June 1, 2009
Admission officials do indeed like to see that students have challenged themselves, and this often includes taking college-level classes while still in high school. BUT ... (and I bet you could tell that a "but" was coming :) ), not all college classes are created equal. At some community colleges, the calculus class may not be as demanding as a high school AP course. Admission officials may, in fact, wonder why your son took this particular class outside of his high school. Was he fearful of the high school AP class? Was he not admitted to the high school AP class? So your plan to impress the admission folks may backfire unless it's made clear to them that the college course was selected for its rigor.
Granted, plenty of high school students do take calculus at nearby two-year schools and even sometimes at four-year colleges, but usually it's because they couldn't fit the high school AP class into their schedule or there was some other reason why they were not able to take it at school. (And some high schools don't offer calculus at all.)
Although your college advisor/family friend is correct when he (she?) says that your son may find more interesting and/or challenging classes at the local college, calculus may not be one of them. If he does want to try a college class, and if calculus fits readily into his high school schedule, I would suggest that he choose a different class at the college instead ... e.g., something that interests him and that isn't offered at his high school but would still qualify as a "liberal arts" field (e.g, "Introduction to Symbolic Logic," "Archaeology and Prehistory," "Cultural Anthropology," or "Inorganic Chemistry, not "Advanced Document Processing," "Ophthalmic Assisting," or "Firefighter Fitness Training.")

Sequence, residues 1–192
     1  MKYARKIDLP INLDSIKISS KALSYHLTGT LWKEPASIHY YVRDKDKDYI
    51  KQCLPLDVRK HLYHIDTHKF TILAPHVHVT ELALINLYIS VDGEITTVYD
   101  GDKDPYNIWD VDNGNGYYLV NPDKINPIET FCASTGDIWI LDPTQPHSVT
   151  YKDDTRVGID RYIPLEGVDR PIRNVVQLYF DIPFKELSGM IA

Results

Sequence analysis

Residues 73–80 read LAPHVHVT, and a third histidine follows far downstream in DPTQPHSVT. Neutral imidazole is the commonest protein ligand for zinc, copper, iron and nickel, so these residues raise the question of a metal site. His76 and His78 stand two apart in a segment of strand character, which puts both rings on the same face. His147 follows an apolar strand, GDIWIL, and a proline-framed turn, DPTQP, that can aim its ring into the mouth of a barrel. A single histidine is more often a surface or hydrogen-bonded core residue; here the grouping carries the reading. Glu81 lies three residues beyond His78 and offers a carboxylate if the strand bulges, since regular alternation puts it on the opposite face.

So, bottom line: If your son is excited about doing this class at a community college, I wouldn't necessarily pull the plug on it. But I would urge you to first find out if the college class is as rigorous as the high school class and if it follows a similar curriculum. If your son is applying to highly selective colleges and, especially, to the top engineering schools, he will be "competing" with applicants who have taken the AP exams in Calculus AB and BC and who have earned 5's on those tests. Thus, whether he studies calculus at his high school or at the college, he would be wise to take the AP exam. (You don't have to be in an official AP course to take the test.)
If it looks like the college course won't prepare your as well for the AP exam as the high school course will, then I recommend that he take AP Calc at his high school and try something else that interests him at the college.
Good luck with this, whatever you decide.
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